Critical Thinking in Professional and Academic Writing (3 cr)
Professional and academic success requires the effective use of writing to reach shared understanding of situations, develop and communicate a coherent line of reasoning and assessment of options, arrive at sound individual and collective judgments, and achieve intended results with readers and collaborators. Successful written communications originate from critical thinking processes that incorporate clarity of purpose, accuracy, and sound analysis with awareness of audience and context. This course develops and strengthens these core abilities to think critically and write effectively. Students practice the reasoning, composition, and collaboration skills that are basic to these abilities, including library research, editing, formatting, and engaging in substantive reflection and dialogue on key issues.

Course Learning Objectives

1. Explain the purposes, forms, and phases of professional and academic writing.

2. Use critical thinking to ask fruitful questions, offer sound arguments, assess the arguments of others, and arrive at warranted conclusions.

3. Select and integrate background sources so as to fulfill the expectations and purpose of a written work.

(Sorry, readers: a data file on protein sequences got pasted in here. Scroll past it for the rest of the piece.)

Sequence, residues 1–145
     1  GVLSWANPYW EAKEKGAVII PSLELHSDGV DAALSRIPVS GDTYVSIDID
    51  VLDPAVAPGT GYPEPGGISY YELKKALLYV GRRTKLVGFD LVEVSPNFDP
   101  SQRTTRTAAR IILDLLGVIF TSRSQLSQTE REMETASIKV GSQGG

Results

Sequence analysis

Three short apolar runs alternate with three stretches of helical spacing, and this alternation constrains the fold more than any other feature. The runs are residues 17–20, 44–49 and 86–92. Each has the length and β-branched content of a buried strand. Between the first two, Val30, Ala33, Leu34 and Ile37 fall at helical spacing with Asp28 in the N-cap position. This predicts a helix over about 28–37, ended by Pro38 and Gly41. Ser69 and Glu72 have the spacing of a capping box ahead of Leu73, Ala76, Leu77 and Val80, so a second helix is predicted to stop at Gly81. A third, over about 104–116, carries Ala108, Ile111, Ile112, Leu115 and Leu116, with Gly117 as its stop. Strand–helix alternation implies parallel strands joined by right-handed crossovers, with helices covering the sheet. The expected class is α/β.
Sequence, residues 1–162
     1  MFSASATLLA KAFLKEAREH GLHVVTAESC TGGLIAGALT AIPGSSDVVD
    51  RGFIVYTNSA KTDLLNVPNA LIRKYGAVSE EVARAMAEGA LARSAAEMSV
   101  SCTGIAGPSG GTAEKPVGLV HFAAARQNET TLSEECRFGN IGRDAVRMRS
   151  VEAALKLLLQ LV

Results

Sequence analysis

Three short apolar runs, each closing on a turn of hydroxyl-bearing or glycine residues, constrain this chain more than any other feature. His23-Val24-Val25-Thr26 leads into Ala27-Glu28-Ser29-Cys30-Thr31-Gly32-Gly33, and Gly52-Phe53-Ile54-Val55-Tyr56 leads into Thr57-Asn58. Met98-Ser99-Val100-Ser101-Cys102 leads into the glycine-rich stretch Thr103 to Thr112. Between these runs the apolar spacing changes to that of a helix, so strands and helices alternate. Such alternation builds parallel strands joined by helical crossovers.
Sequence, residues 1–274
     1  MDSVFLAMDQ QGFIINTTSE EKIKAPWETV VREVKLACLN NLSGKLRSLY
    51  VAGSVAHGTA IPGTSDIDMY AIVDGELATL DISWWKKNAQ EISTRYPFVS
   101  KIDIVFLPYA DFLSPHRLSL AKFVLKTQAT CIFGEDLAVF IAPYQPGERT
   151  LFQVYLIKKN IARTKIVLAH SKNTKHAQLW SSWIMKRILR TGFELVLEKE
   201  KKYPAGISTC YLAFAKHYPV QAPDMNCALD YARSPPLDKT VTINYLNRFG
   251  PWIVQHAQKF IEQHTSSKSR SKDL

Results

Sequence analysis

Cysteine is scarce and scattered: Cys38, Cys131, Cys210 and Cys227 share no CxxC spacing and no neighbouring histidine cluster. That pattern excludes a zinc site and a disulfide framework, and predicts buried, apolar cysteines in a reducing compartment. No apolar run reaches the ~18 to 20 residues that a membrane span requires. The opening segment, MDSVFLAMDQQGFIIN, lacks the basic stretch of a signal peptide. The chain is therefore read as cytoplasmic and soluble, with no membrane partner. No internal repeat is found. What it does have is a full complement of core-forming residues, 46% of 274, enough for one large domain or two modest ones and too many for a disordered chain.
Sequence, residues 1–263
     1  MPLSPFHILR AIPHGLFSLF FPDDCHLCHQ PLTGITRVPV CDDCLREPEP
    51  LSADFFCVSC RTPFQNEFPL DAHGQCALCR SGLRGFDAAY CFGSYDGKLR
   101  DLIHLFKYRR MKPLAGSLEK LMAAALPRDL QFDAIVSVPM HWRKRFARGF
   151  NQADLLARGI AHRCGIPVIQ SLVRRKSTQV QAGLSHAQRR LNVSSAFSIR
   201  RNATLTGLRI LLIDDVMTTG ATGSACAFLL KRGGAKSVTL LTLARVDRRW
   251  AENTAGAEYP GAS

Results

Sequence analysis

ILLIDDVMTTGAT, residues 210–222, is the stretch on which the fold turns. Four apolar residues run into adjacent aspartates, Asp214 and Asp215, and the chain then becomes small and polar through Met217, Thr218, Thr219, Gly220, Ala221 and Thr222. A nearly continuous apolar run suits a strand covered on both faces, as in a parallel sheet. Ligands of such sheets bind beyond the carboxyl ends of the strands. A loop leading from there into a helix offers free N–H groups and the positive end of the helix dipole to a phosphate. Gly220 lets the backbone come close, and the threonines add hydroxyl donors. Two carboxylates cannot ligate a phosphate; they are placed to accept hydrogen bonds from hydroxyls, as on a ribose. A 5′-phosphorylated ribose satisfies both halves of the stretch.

4. Apply criteria of effective writing to the constructive evaluation and improvement of their own and others’ work, including using APA style correctly, including punctuation, work forms, citations, and overall format.

5. Evaluate how they handle the thinking, reflecting, and writing tasks associated with the different phases and purposes of the common forms of professional and academic writing.

Research Methods (3 cr)
This course introduces qualitative, quantitative, and mixed methods approaches to research in an interdisciplinary context. It examines methodological assumptions of those approaches and fundamental issues in designing a research study. Students think critically about how to use various methods to investigate information and phenomena of interest to create new knowledge for professional and academic purposes.  Students identify a manageable research question that is consistent with their educational and professional goals, design a small project to answer the question, collect, analyze and interpret data, and present their research findings.

Course Learning Outcomes

1. Apply the assumptions of qualitative, quantitative, and mixed methods to research and knowledge creation.

2. Explain how biases, critical thinking skills, and ethics influence the research process and data interpretation.

3. Evaluate research questions.

4. Justify the “goodness of fit” of research questions, scope, and methods used to investigate them.

5. Implement the key elements of performing modest research projects.

Communication, Action Inquiry, & Behavioral Development (3 cr)